During the summer of 1977 many Americans walked the streets with a distracted look in their eyes and glanced frequently, apprehensively, at the sky.
That was the summer aliens hovered overhead in a chandelier spaceship, sounding a sacred chord for mystified mortals.
More spectacular than an oil refinery seen from the air at night (that was the requirement the creators of the Mother Ship had to meet), the luminous UFO dazzled Roy Neary (Richard Dreyfuss) and the geniuses of science and us as well in the climax of Close Encounters of the Third Kind.
The real thing, if somewhat anticlimactic, is nevertheless impressive. The Mother Ship was an oval electrical system, a mere six feet in diameter. Assembled with great precision, it was made of steel, Plexiglas, plywood, fiber glass, and tiny aluminum tubes with high-voltage wiring, the whole thing surrounded by neon tubes. How did it open?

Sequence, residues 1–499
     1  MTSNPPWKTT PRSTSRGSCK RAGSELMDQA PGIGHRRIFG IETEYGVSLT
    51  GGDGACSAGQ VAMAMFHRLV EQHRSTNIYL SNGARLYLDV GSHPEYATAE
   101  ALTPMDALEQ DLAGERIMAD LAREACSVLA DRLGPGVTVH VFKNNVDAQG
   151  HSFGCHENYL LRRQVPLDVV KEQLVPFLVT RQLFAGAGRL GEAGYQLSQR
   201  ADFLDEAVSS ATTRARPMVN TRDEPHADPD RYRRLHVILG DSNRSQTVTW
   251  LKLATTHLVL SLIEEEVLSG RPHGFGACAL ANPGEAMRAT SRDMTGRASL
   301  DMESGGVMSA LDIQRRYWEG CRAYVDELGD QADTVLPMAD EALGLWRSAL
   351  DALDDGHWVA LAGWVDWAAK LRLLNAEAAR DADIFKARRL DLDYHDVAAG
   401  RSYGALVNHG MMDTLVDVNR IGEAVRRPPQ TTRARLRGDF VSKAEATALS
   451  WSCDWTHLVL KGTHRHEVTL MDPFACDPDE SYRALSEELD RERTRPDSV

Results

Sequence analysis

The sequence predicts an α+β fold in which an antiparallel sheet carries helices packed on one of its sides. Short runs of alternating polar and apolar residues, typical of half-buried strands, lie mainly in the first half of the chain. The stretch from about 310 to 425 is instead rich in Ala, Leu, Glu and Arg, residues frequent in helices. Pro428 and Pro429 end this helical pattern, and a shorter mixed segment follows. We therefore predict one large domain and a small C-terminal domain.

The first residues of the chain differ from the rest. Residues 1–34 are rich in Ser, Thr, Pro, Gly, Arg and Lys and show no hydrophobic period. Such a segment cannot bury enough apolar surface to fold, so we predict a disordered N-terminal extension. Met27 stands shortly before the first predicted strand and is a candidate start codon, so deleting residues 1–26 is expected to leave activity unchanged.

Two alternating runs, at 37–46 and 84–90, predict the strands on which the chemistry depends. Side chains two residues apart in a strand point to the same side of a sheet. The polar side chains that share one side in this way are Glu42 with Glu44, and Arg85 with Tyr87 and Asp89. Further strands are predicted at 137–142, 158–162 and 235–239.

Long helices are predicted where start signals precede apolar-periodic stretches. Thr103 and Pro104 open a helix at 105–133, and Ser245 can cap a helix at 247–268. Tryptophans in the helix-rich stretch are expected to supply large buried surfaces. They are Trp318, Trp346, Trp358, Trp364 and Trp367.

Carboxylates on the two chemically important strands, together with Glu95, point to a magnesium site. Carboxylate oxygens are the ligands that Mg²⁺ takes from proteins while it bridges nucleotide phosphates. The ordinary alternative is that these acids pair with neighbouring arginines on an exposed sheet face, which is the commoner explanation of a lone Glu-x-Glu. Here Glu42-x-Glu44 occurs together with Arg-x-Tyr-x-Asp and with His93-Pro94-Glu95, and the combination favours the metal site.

For this director Steven Spielberg and special effects wizard Douglas Trumbull used another model, a ship with an eight-foot-diameter dome on which lights were projected. The final scene was shot in an airplane hangar in Mobile, Alabama. There a full-scale section of the ship, constructed of steel, was encircled by 2,000 floodlights and 6 arc lamps. Much of the body of the ship was added later in the lab.
Black velvet covered the walls of the hangar, and the image of the horizon and sky was produced by front projection on a 100-by-38-foot screen. This is a technique, developed in the 1960s, that enables one to project background scenery from the front. Basically, the background image is bounced off a two-way mirror, placed at an angle to a specially treated reflex screen behind the actors. The result is an exceptionally strong, sharp image.
The Mother Ship remains a singular effect in futuristic films, so unlike the more tangible spaceships Enterprise, Millennium Falcon, and the Rebel Star Cruiser. Indeed, Trumbull compared filming his awesome UFO to “photographing God—people have a very abstract, mind’s eye view of what they expect to see in a flying saucer.
So the general look we went for,” he explained, “was one of motion, velocity, luminosity, and brilliance. We used very sophisticated fiber optics and light-scanning techniques to modulate, control, and color light on film to create the appearance of shape when in fact no shape existed.”